MLB Farm System Rankings: #8 Arizona Diamondbacks


I thought about how I would lead into this, the ranking of teams’ farm systems, but don’t have a good way to do it, other than say it is something that I like to tackle every year. Obviously, in the grand scheme of things my rankings aren’t going to make waves with Keith Law, John Sickels, or the staff at Baseball America. However, these rankings by any outlet are rather arbitrary in nature, and I like any of them, will try to give everybody some reasoning behind them. Scouting and prospects are a big part of the game. We can see that by how teams are clinging onto them in a lot of cases this year, instead of dealing them away for proven players. A lower ranked system doesn’t necessarily correlate to a bad team, and a highly ranked system doesn’t mean it’s a good major league team. It just gives us all a look at organizations who might get healthy in a few years, and which ones are going to have to find other means.

Anyway, this is supposed to be fun, so if you want to discuss, let’s do so….

Arizona had itself a pretty exciting 2011 draft, and for a system that was a little bit on the rise already, that just vaulted it to top 10 status heading into the 2012 season. The trade with the Oakland A’s weakened their system with the loss of Jarrod Parker and Colin Cowgill in particular, but there is still plenty to like here. Let me show you some of those players.

Top 10 Prospects:

1. Trevor Bauer (SP)- Bauer is more than likely going to end up pitching for the D-Backs by the middle of the summer. His two best pitches are a mid-90’s fastball and a hammer curve ball. There is several other pitches that he can throw including a change, slider, and a splitter, so you can never be sure what you will get from Bauer.

2. Tyler Skaggs (SP)- Skaggs was a minor league lefty that the Diamondbacks acquired for Dan Haren, and got ridiculed greatly for it. A year and some later, the deal doesn’t look so bad. Mainly because of Skaggs is potential 3 above average pitches and #2 starter ceiling.

3. Archie Bradley (SP)- Bradley is a scouts dream. His frame is outstanding. His fastball and curve ball already look like two major league pitches, and he is athletic enough to maintain his delivery. He will have to work on developing a change up, but most think he will. Top of the rotation potential.

4. David Holmberg (SP)- Holmberg is a lefty that is beginning to rocket up prospect rankings almost everywhere. For him, it was simply a matter of adding to his fastball. Holmberg can now get his fastball into the low 90’s regularly, and add that to an above average change up and command, and you have a potential mid-rotation starter.

5. A.J. Pollock (OF)- There are some that consider Pollock a 4th outfielder type, or at most just a solid regular. I personally believe he is a solid regular for sure, although I have only witnessed him in brief stints, I was impressed. The guy doesn’t have dynamic tools, but he can do everything well, and there is a place for guys like this.

6. Patrick Corbin (SP)- Corbin was the other left-handed pitcher acquired in the Dan Haren deal with the Angels, and often can get overlooked. Not sure why though. He is still projectable, and already owns a low 90’s fastball, slider and change, all which can be above average. Throws strikes too.

7. Andrew Chafin (SP)- Chafin is a power lefty drafted in 2011, and could move quickly in 2012. Some see him as a power reliever, and he may have to be that, but for now, he will continue to sharpen his secondaries as a starter. Has mid-rotation type ceiling.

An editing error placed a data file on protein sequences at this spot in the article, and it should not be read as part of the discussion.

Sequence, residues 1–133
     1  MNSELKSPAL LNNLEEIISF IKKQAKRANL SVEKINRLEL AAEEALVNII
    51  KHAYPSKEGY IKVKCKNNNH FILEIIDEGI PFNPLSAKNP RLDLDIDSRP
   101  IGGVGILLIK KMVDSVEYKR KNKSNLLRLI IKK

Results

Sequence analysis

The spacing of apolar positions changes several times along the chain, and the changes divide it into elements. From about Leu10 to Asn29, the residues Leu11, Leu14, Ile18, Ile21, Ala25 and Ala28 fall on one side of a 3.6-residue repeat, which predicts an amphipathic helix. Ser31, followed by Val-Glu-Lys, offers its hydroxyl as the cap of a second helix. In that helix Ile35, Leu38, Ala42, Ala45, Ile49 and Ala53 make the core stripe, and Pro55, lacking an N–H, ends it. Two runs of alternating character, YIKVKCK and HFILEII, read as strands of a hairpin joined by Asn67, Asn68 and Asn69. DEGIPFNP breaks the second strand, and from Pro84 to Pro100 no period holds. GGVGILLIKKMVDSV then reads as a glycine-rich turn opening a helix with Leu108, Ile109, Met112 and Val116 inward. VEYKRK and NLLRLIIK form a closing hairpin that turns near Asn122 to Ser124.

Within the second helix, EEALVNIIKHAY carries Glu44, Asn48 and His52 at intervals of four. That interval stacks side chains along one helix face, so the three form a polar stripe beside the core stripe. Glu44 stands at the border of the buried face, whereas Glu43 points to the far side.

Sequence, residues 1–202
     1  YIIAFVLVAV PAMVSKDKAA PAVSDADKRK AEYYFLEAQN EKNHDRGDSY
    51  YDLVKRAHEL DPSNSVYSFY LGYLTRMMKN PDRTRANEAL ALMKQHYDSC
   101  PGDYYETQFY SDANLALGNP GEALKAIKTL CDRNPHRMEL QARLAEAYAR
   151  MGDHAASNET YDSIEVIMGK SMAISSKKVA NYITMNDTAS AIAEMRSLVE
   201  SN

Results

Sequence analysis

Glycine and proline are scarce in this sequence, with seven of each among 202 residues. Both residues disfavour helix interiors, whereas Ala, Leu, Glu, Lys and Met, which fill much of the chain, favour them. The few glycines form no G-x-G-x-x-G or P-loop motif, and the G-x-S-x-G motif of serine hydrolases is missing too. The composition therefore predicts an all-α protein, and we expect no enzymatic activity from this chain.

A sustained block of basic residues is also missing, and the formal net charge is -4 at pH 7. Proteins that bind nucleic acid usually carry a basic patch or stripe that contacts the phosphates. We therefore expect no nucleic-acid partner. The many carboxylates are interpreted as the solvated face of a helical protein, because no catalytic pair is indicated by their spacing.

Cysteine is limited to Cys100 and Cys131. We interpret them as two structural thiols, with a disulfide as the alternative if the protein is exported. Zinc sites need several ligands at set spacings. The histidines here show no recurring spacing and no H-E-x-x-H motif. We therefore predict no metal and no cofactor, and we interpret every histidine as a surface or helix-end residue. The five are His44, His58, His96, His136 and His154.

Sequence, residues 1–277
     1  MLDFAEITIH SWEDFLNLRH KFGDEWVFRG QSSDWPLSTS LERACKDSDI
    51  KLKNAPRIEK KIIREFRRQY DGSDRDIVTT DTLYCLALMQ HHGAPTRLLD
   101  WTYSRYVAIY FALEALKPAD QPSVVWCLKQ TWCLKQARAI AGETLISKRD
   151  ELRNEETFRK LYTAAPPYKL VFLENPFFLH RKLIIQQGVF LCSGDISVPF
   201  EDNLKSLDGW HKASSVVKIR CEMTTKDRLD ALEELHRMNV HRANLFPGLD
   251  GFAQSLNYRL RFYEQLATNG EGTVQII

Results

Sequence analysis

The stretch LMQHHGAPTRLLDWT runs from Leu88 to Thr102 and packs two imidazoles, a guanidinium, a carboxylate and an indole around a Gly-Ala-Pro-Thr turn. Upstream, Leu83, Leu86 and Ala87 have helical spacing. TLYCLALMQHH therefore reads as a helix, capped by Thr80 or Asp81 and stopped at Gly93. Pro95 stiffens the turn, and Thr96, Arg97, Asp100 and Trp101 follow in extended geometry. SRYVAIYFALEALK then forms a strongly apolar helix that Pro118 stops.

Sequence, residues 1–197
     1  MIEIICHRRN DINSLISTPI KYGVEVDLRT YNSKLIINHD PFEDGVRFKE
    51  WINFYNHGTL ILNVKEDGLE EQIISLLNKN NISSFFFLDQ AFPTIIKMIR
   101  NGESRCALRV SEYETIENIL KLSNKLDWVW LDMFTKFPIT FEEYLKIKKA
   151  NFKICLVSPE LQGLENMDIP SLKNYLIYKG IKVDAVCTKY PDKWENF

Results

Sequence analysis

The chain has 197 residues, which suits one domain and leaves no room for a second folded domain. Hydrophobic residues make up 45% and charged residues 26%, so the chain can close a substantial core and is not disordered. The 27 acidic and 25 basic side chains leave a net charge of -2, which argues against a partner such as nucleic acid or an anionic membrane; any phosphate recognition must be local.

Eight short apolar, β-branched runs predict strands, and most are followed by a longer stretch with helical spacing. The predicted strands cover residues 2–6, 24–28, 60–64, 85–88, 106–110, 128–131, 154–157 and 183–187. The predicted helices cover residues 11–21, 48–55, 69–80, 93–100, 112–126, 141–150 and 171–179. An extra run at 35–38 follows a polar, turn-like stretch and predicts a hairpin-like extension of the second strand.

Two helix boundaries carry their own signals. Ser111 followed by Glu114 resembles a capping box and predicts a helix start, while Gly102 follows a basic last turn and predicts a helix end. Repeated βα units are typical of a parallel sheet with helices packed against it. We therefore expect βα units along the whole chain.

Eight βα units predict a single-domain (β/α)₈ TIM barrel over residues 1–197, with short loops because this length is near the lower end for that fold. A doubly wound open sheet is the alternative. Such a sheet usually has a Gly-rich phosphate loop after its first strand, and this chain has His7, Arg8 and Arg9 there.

8. Matt Davidson (3B)- Davidson was drafted along with fellow 3B prospect Bobby Borchering. It appears that Davidson is the one that has taken the step forward out of the two. Projects as a pedestrian 3B defensively, but does have power, and also quite a bit of swing and miss.

9. Adam Eaton (OF)- Eaton is one of those guys that will have to prove himself off of the 4th outfielder label that was placed on him early. Not sure why again. He hits for average, has pop, can run well, and can throw well. Also has a love for the game and plays hard.

10. Anthony Meo (SP)- Meo is a guy that could start or relieve. Given the depth of pitching in the system, Meo might end up in relief. There is some effort in the delivery, but his fastball/slider combo can get swings and misses. He also throws a curve that needs work and owns a solid change.

Just Missed The List: Bobby Borchering (3B), Wade Miley (SP), Chris Owings (SS), Marc Krauss (OF), Evan Marshall (RP), John Pedrotty (SP)

Sleepers: Pedrotty and Tyler Green (SP). Pedrotty won’t wow you with stuff, but is able to locate well, keep hitters off balance, and has a frame that could generate more fastball. Green is a power pitcher that gets ground balls. If his secondaries come along, so will he.

Rebound Candidate: Krauss. While many considered Krauss the better prospect between him and Paul Goldschmidt, Goldschmidt left him in the dust in 2011. Krauss struggled with the bat, and is a candidate to bounce back some in 2012.

Verdict: If pitching is the most valuable commodity, the Diamondbacks have it in spades. They are carrying 3 of the top 50 prospects in all of baseball on the mound, and have some other guys that are intriguing. I didn’t mention young guys like Blake Perry, Robbie Rowland, Patrick Schuster, and J.R. Bradley either. Position wise, it is a little scarce. Guys like Davidson, Pollock, Borchering and Krauss all have some holes in their game and don’t project to be superstars. In fact, there is no superstar positionally in this system. Ryan Wheeler could provide the big club with help in 2012. Keon Broxton is an athlete worth watching, and of course one time uber-prospect Wagner Mateo is in their system. Overall though, the pitching strength puts this system in the top 10.